Monitoring and observability are also essential IT best practices, especially in data cleansing. For example, if an API (application programming interface) is a key source for your data pipeline, any changes in that API need to be monitored to ensure that the data flow is uninterrupted. Keep track of your data cleaning activities and log them regularly to track your progress, identify errors, and ensure repeatability.
Finally, maintain clear, extensive documentation about your data cleaning processes—whether to help refresh your memory or onboard new hires. This documentation should include the purpose, data quality rules, data validation tests, and code changes to help with troubleshooting and collaboration.
3. Employ Automation in Your Data Validation Framework
Data cleaning is time-intensive, so introducing as much automation as possible into the process is desirable. Use data validation processes and tests to validate the integrity of your data—both before data cleaning begins and after it is complete.
Automated tests should continuously occur across multiple stages of the data cleaning process. The resulting reports can help you quickly pinpoint any data quality issues and provide an overview of the workflow for key stakeholders. In addition, you should work to constantly improve your validation tests over time, especially as your enterprise data resources evolve.
4. Collaborate with Data Consumers
A “data consumer” is any person or IT system using the output of the data cleaning process. These data consumers are the ultimate beneficiaries of data cleansing, so their feedback should be prioritized when seeking to improve. Gather input from consumers within your organization, such as data analysts and business teams.
Collaboration with data consumers can help identify problems with your data quality and misalignment between the process and end users’ requirements. It can also elevate the effectiveness of the business as a whole. Often, data engineers may be thinking in technical terms and advanced analytics, whereas consumers may need to answer simple questions before adopting more complex capabilities.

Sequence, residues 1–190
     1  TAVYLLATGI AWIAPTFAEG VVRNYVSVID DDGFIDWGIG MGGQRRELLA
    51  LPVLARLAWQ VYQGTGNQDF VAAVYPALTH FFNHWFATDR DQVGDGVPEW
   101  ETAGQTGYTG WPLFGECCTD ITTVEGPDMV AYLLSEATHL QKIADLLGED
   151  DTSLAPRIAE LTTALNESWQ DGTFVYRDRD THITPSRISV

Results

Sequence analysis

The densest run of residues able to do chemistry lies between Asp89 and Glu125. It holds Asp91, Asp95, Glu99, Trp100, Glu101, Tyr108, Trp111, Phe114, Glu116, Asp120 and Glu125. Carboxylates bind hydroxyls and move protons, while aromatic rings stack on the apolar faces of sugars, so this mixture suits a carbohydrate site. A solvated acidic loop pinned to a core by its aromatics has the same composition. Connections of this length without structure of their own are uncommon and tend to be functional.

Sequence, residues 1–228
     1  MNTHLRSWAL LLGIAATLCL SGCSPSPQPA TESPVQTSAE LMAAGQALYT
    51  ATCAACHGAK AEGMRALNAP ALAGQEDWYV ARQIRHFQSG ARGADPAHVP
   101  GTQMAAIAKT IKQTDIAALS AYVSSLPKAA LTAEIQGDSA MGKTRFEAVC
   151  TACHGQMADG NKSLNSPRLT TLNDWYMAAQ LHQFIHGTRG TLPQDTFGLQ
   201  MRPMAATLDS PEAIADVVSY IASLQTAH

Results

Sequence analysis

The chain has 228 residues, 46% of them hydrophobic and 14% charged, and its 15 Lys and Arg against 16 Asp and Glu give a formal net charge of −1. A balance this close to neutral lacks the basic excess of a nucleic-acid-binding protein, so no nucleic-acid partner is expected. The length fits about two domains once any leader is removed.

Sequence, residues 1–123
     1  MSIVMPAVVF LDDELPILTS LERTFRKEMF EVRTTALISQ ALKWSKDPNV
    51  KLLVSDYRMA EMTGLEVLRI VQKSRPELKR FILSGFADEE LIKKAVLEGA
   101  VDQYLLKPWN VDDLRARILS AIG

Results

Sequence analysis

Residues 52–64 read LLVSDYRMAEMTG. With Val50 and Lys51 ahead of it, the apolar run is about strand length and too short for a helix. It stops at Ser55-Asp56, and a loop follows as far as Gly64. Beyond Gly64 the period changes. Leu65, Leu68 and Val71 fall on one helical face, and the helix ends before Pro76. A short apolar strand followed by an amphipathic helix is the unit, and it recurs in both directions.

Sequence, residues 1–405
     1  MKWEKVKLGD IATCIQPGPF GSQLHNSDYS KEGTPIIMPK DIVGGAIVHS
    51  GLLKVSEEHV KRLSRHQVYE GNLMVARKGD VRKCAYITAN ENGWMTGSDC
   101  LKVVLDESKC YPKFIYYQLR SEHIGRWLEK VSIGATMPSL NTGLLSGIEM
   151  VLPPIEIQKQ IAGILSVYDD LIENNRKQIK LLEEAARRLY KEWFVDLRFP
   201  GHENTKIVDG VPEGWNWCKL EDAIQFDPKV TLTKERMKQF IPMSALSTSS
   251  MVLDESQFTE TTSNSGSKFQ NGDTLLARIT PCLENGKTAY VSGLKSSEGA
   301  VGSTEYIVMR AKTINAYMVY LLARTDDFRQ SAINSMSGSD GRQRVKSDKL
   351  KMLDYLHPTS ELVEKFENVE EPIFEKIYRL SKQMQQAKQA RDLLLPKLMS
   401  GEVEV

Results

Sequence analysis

Below are just a few high-level questions to ask to generate good feedback from data consumers:
- Can you get answers to key questions easily and effectively? For example, stakeholders may want to answer questions about business performance, annual recurring revenue, and year-over-year growth.
- How many steps does it take you to answer these questions?
- Can you identify actionable insights from this data?
- How does the output influence your decision-making?
Data cleaning is a challenging yet fundamental task for organizations that are or want to be data-driven. If you’re struggling to establish an effective data cleaning process, you might wish to join forces with a data cleaning services provider like KMS Technology.
KMS is an IT consulting and software engineering partner with a wealth of experience in developing data analytics solutions. We’ve helped our clients analyze customer and industry data to uncover new revenue streams, find key actionable insights, improve their efficiency and productivity, and create new features and innovations for their target audience. Our list of data analytics services includes:
- Data monetization: Helping companies get the most from their data by identifying key growth opportunities, return on investment, and more.
- Tools and processes: Advising our clients on choosing the right tools for ETL, data storage, and data reporting.
- Data analytics: Processing and analyzing the resulting data set, mining it for insights to gain a competitive advantage.
- Data management: Building scalable data management processes that enable agility across your business functions.
- Data engineering: Harnessing the power of your enterprise data by cleansing and transforming it with streamlined data pipelines.
Ready to learn how KMS’ data cleansing services can help? Get in touch with us today for a chat about your business goals and requirements.